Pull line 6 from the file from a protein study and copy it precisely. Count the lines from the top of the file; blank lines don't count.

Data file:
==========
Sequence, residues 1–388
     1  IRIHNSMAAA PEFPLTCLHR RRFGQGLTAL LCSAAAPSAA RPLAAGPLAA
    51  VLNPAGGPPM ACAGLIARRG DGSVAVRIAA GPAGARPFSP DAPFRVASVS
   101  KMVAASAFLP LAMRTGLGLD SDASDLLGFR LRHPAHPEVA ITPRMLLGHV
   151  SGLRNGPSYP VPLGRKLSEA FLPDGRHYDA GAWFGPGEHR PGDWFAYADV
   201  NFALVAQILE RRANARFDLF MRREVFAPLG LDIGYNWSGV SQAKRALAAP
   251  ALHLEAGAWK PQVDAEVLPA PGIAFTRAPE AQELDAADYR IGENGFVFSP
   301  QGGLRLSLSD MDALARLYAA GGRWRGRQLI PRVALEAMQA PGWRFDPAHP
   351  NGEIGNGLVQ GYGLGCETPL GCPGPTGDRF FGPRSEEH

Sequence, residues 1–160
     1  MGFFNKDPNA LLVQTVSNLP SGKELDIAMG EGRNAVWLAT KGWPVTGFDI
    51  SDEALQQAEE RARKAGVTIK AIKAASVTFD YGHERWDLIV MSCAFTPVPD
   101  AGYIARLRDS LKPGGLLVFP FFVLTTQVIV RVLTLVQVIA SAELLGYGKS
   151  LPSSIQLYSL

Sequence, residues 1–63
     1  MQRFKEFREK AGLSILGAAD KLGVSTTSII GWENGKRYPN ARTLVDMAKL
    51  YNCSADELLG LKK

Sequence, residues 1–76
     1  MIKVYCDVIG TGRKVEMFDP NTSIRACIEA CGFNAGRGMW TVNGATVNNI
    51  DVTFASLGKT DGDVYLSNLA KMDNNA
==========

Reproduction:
   201  NFALVAQILE RRANARFDLF MRREVFAPLG LDIGYNWSGV SQAKRALAAP